More than 200 residents and business leaders attended the two public hearings the county was required to hold on the matter.

They voiced concerns over potential pathogens seeping into the water supply, diminishing property values and a drop in sales tax revenue.

Opponents of the application have also collected more than 3,000 signatures on petitions distributed by the Dawson County Homeowner’s and Civic Association.

According to EPD’s Web site, Class B biosolids are treated but still contain detectible levels of pathogens.

Lanier Tech moves into new facility

Community leaders gathered last summer to celebrate the new Lanier Technical College facility in downtown Dawsonville.

After 10 months of construction, the college completed the $5 million expansion project in August.

Located beside the Adult Learning Center, the building more than doubles the college’s educational space at its Dawson campus.

Board member Roger Slaton, who is also a member of the Dawson County Board of Education, said the expansion is “close and dear” to his heart.

“This was a dream of mine and many other peoples, so I am just on cloud nine,” he said. “I can’t wait to see the ribbon cut so we can move forward and go to work.”

Currently more than 150 students are enrolled at the campus.

Programs offered at the new Dawson campus included medical assistant, certified nursing assistant, business administration, welding and cosmetology.

Along with the automotive program, the electrical systems technology program is exclusive to the campus.

The Dawson campus, which welcomed its first students in October 2005, was previously housed in a building owned by the local school board.

Incumbents carry elections in 2012

Once the votes in last July’s general primary were counted, it was clear Dawson County citizens were content with their current local elected officials.

Each incumbent candidate carried their respective races, which means voters saw no change in leadership in January.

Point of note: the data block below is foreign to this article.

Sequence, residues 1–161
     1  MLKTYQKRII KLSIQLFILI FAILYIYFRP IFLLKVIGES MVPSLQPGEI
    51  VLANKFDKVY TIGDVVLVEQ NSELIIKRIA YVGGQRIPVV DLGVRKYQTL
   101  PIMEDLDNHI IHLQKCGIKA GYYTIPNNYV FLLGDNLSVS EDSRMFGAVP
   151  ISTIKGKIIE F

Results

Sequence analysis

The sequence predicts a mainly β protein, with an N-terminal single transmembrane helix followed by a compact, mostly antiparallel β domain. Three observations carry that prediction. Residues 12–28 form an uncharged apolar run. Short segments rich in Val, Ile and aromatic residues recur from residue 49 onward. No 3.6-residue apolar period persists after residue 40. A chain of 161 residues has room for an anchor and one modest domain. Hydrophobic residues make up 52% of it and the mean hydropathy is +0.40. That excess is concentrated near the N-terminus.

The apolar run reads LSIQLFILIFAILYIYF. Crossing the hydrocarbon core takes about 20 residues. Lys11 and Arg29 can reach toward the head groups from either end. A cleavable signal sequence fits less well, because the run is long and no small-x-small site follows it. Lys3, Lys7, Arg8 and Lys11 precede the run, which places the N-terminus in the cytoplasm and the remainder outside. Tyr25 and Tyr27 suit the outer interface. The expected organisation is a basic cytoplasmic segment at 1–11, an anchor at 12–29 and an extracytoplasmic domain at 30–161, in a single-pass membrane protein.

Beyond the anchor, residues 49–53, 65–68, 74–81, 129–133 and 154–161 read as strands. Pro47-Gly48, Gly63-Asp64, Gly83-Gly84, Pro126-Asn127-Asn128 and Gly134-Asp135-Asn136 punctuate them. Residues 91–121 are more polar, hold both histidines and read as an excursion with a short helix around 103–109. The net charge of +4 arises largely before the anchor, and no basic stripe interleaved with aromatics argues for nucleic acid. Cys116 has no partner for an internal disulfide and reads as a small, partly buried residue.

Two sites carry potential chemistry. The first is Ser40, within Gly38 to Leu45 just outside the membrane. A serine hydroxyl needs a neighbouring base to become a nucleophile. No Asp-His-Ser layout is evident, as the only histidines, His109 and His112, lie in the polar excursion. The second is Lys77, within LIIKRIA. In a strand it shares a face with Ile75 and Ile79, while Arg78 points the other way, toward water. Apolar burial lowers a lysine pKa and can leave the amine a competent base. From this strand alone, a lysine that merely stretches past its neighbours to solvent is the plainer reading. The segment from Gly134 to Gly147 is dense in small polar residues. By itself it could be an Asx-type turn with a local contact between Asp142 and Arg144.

Of the county’s 12,929 registered voters, 40 percent, or 5,172, cast ballots in the primary.

Longtime Sheriff Billy Carlisle forged ahead and tallied a 63 percent lead over challengers Johnny Glass and Kevin Ellison.

“Now, I’m ready to get back to doing what we do best and that’s serving the citizens of this county proudly. I’m looking forward to the next four years,” Carlisle said after the votes were counted.

The races for tax commissioner, county commission chair and surveyor were close to the end, with the incumbent taking home the most votes in each contest.

Tax Commissioner Linda Townley received about 52 percent to newcomer Karin McKee’s 48 percent.

County Commission Chairman Mike Berg also edged challenger and former commissioner Mike Connor, with about 54 percent, to Connor’s about 46 percent.

“I want to thank the citizens of Dawson County for having faith in me, faith in the board of commissioners and faith in the system that we’ve been using since I’ve been chairman,” Berg said.

Incumbent county surveyor Donald “Rex” Jones held off challengers Ben Trail and Gregg Bagwell with about 53 percent of the tally.

In addition, acting Dawsonville Mayor James Grogan staked a resounding lead in his mayoral bid.

Grogan, who had served as acting mayor since April, received about 62 percent, to former councilman Calvin Byrd’s about 38 percent to fill the unexpired term of Joe Lane Cox, who died in March.

“I am really, really excited. I feel like our city is on the verge of something great and I am so happy to be a part of it,” Grogan said.

In the race for the District 9 state House of Representative seat, Kevin Tanner pulled away from Clint Smith by a wide margin, receiving about 71 percent, to Smith’s nearly 29 percent.

Tanner, who has served as Dawson County CEO since 2008, will replace longtime representative Amos Amerson.

During his time in office, Amerson, who retired after holding the office for 12 years, served on numerous committees and authored bills that focused on improving lives in the district and across the state.

He considers legislation that created tax exemptions for seniors in Dawson County and a multi-member Lumpkin County commission to be among his greatest accomplishments.